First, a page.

Liberty and Sunshine

A nice example of the  use of sun/light/rays imagery used in conjunction with the theme of freedom in a non-racialized context.  I particularly like the cock (rooster) used to as a symbol (I believe) of the ‘dawn’ of a new era’ Also rather fun classical reception generally.  Product of Boulton’s mint.

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Illustrated type in trade, but for academic reference specimen in BMAG (1885 N 1536.97) discussed Mason 2009:92-93.

Great online exhibition on images of liberty on early American coinage:

http://rbsc.princeton.edu/capping-liberty/

French Neo Classical explanation of the iconography, Thanks Delafosse!

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What’s Ovid playing at?!

In the Fasti, why does he make up the goddess Muta as a name for Lara in book 2 on the Feralia?  The Romans already had a goddess of silence and she already had her own place on the calendar!

The Divalia of Angerona:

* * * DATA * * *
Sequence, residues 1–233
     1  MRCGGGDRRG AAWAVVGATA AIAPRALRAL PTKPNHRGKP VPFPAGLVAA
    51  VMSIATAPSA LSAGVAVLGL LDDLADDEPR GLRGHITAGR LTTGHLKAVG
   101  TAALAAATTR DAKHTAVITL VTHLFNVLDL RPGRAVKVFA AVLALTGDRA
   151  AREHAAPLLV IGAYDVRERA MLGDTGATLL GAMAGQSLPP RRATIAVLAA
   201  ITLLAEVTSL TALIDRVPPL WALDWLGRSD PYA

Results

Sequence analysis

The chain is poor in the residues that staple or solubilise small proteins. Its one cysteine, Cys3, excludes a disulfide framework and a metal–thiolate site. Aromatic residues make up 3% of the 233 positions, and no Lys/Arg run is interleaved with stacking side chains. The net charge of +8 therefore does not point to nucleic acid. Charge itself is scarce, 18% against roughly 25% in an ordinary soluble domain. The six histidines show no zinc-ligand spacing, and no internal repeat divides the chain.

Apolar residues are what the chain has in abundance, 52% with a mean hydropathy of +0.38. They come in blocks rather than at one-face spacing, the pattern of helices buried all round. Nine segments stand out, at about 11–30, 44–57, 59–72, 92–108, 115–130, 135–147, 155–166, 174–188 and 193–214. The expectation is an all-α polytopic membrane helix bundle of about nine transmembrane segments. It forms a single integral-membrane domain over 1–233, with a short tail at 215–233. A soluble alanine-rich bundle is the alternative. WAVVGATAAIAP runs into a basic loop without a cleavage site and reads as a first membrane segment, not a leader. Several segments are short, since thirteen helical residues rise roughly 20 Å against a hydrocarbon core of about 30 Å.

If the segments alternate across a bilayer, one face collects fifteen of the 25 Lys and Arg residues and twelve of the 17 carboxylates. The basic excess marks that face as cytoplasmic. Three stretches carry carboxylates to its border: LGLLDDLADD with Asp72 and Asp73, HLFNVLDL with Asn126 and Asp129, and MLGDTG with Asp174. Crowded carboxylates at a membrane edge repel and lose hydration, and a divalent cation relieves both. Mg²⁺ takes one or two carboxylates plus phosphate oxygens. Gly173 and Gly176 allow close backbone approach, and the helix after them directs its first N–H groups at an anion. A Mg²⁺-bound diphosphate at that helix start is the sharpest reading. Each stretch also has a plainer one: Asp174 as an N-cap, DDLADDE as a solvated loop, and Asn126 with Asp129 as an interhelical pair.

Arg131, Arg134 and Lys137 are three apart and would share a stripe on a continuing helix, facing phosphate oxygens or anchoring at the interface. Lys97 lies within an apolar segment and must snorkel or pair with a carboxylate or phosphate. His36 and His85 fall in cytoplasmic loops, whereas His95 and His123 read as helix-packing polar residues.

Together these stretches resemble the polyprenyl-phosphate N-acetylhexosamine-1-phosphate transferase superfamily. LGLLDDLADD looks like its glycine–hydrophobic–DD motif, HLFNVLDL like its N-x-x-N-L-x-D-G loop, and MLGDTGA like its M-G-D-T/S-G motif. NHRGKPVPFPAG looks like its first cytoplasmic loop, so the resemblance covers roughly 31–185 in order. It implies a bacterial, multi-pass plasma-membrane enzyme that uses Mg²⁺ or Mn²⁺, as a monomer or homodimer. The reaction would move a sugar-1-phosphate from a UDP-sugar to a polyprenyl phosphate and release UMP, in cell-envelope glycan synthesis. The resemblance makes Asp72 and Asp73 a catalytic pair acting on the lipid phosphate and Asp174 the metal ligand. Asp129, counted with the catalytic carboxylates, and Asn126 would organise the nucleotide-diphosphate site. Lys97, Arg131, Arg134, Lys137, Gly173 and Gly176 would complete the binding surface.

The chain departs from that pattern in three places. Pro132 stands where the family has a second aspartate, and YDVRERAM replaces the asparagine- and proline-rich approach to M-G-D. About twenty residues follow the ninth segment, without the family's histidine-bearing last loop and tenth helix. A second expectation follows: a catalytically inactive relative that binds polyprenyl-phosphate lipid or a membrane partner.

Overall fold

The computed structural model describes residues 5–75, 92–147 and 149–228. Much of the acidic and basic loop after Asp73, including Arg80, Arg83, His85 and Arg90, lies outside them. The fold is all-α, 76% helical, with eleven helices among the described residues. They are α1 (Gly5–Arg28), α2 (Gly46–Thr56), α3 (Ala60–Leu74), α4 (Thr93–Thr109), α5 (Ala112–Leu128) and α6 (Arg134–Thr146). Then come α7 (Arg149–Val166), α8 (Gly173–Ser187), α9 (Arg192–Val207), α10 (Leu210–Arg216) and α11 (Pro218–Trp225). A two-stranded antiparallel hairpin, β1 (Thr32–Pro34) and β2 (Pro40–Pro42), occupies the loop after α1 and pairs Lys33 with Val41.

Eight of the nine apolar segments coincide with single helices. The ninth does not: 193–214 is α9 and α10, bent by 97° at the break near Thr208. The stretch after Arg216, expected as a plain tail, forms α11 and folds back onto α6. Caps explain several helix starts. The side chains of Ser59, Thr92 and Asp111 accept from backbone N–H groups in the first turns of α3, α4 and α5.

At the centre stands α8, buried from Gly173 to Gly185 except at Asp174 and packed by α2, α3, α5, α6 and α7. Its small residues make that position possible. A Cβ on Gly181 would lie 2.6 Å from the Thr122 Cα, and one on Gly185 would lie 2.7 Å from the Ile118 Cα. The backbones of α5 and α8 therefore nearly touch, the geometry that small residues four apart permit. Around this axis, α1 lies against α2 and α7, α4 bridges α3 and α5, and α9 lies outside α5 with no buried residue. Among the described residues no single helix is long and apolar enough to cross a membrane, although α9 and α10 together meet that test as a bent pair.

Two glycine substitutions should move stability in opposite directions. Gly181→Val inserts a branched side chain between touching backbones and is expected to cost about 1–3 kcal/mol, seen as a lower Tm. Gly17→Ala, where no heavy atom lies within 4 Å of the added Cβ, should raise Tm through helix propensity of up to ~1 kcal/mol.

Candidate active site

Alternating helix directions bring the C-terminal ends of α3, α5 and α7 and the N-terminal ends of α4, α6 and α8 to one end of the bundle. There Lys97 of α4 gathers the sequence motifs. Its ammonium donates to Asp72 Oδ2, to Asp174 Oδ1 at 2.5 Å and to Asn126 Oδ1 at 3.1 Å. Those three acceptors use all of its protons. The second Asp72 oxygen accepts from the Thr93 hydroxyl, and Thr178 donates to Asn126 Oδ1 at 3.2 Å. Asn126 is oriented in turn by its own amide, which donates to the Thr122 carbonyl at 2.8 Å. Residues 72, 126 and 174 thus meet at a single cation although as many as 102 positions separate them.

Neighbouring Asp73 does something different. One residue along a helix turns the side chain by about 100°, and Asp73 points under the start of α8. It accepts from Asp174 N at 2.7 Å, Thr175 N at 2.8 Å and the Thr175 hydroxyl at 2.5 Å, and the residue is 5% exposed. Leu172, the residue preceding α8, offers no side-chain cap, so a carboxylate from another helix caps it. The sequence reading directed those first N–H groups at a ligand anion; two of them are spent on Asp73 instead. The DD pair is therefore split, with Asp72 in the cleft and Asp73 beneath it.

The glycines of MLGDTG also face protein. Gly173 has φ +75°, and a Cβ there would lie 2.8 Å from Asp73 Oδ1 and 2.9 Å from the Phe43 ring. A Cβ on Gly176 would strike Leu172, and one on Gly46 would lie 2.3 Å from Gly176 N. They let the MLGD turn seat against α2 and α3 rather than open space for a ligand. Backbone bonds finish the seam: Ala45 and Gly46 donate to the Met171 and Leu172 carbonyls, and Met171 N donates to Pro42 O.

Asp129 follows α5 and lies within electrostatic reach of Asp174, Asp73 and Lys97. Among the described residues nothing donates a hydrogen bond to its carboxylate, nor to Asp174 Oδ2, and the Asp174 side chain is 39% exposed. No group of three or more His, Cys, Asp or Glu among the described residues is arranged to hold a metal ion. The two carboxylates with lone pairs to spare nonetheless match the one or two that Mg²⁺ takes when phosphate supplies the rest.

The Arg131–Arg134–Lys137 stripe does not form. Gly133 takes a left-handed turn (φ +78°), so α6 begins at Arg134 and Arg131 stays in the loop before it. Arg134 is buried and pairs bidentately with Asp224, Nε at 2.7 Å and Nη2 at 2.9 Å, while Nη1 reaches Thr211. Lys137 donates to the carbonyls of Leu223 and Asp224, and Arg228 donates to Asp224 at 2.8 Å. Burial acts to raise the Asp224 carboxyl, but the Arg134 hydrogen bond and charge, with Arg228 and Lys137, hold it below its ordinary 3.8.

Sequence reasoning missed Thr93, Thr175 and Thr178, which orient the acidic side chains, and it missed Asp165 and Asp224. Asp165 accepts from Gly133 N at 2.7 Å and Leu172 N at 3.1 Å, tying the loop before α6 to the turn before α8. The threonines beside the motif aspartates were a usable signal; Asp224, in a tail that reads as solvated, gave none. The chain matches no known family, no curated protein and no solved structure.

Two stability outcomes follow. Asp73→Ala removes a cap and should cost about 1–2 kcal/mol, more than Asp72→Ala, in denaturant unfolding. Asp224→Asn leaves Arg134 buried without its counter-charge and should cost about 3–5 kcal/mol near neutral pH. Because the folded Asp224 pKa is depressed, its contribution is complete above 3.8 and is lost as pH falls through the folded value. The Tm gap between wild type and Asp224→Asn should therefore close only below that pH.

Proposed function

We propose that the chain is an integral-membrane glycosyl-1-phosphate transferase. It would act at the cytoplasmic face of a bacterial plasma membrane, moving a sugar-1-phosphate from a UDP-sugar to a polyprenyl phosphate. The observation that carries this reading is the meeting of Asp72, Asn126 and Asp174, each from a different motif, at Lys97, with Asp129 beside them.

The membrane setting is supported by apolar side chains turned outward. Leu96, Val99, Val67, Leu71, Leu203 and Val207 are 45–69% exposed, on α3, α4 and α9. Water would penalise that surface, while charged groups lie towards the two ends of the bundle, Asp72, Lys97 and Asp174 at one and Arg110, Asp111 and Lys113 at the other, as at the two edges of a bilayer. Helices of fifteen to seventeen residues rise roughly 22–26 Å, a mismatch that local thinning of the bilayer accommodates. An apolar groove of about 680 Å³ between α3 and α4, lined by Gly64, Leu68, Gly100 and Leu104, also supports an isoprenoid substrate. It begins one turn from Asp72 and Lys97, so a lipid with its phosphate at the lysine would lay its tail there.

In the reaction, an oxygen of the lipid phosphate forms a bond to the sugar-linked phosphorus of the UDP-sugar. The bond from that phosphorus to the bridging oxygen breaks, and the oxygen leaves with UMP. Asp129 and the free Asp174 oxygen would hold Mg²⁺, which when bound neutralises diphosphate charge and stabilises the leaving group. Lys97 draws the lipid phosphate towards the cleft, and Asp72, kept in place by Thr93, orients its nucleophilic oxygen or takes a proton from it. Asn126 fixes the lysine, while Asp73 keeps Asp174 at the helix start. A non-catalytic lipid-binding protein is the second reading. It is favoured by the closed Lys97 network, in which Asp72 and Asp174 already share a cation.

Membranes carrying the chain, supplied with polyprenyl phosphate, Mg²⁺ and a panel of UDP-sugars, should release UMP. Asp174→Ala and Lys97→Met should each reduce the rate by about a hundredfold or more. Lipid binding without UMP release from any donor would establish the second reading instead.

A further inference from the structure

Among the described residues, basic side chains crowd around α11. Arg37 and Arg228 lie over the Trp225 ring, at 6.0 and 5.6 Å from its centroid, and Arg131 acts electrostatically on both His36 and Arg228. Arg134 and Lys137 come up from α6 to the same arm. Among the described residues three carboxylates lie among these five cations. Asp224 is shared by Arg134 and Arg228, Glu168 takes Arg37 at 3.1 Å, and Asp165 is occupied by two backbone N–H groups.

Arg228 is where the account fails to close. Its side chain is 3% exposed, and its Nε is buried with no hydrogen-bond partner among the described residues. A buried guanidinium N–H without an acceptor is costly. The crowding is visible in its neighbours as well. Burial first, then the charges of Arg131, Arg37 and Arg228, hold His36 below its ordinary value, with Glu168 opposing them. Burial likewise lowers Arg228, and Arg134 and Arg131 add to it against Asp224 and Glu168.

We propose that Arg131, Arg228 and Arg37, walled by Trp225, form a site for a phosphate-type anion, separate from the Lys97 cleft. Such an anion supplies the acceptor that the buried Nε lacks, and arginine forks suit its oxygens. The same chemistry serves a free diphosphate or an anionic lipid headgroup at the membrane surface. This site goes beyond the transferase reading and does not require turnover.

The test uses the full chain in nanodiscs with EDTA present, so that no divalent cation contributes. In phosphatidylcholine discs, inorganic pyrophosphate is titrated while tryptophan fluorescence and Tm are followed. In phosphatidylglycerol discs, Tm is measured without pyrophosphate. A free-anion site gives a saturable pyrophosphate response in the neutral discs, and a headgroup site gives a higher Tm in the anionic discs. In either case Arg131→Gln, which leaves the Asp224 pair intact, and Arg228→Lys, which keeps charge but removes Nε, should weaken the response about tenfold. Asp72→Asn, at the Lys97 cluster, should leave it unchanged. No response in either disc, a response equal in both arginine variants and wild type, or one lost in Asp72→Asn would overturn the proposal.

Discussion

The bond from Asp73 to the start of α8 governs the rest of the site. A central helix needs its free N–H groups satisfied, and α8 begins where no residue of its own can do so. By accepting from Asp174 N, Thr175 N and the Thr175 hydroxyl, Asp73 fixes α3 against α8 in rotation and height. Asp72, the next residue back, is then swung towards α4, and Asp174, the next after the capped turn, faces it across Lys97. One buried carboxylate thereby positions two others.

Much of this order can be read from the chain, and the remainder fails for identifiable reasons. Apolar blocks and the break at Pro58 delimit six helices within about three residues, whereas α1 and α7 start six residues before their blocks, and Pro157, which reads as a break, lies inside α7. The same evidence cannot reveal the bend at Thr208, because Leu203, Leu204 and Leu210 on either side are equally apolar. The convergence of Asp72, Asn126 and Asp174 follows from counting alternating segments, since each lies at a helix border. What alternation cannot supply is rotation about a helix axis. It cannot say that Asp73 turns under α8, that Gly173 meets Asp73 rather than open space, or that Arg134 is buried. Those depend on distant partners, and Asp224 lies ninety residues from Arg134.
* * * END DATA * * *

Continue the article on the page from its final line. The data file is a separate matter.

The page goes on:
Pliny NH 3.36: It seems pertinent to add at this point an instance of old religion established especially to inculcate this silence: the goddess Angerona, to whom sacrifice is offered on December 21, is represented in her statue with a sealed bandage over her mouth.

Varro:

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InscrIt-13-02, 00017 = EE-09, 00740 = Gordon 00036 = AE 1898, 00014 = AE 1922, 00096 = AE 1953, +00236 = AE 1993, +00144 = AE 2002, +00181 = AE 2007, 00312

[C XII Di]va(lia) n(efas) p(iaculum) feriae diva[e Angeronae quae ab anginae morbo] / appell[atur quod remedia eius quondam] / prae[cepit statuerunt eam ore obligato] / in ar[a Volupiae ut moneret ne quis nomen] / occul[tum urbis enuntiaret 3] / [3]m aiunt ob an[3] / [3]m / [D XI c(omitialis) Laribus Perm]arinis in porti[cu Mi]nucia / [E X La]r(entalia) n(efas) p(iaculum) [fer]iae Iovi Accae Larentin[ae Parentalia fiunt] / hanc alii Remi et Rom[uli nutricem alii] / meretricem Herculis scortum [fuisse dic]unt / Parentari ei publice quod p(opulum) R(omanum) he[redem fece]rit / magnae pecuniae quam accepe[rat testame]nto / Tarutili amatoris sui / F [VIIII c(omitialis)]

Is he playing around with the identity of the Mother of the Lares and her connection with Acca Larentia?  I’m thinking about Coarelli 2003: 12-13 and how he builds on Wiseman 1995.

 

Divine Twins

Wiseman 1995: 71: